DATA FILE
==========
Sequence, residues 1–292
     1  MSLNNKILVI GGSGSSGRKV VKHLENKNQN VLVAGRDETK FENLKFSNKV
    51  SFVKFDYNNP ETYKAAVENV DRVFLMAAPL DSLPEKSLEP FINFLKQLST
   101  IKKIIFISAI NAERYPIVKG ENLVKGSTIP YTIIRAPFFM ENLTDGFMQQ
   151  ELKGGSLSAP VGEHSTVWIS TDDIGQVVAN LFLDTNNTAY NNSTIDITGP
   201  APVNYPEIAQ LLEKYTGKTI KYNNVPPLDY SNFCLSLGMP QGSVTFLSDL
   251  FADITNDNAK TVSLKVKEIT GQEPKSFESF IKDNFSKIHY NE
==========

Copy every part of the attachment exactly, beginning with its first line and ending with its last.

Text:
Sequence, residues 1–292
     1  MSLNNKILVI GGSGSSGRKV VKHLENKNQN VLVAGRDETK FENLKFSNKV
    51  SFVKFDYNNP ETYKAAVENV DRVFLMAAPL DSLPEKSLEP FINFLKQLST
   101  IKKIIFISAI NAERYPIVKG ENLVKGSTIP YTIIRAPFFM ENLTDGFMQQ
   151  ELKGGSLSAP VGEHSTVWIS TDDIGQVVAN LFLDTNNTAY NNSTIDITGP
   201  APVNYPEIAQ LLEKYTGKTI KYNNVPPLDY SNFCLSLGMP QGSVTFLSDL
   251  FADITNDNAK TVSLKVKEIT GQEPKSFESF IKDNFSKIHY NE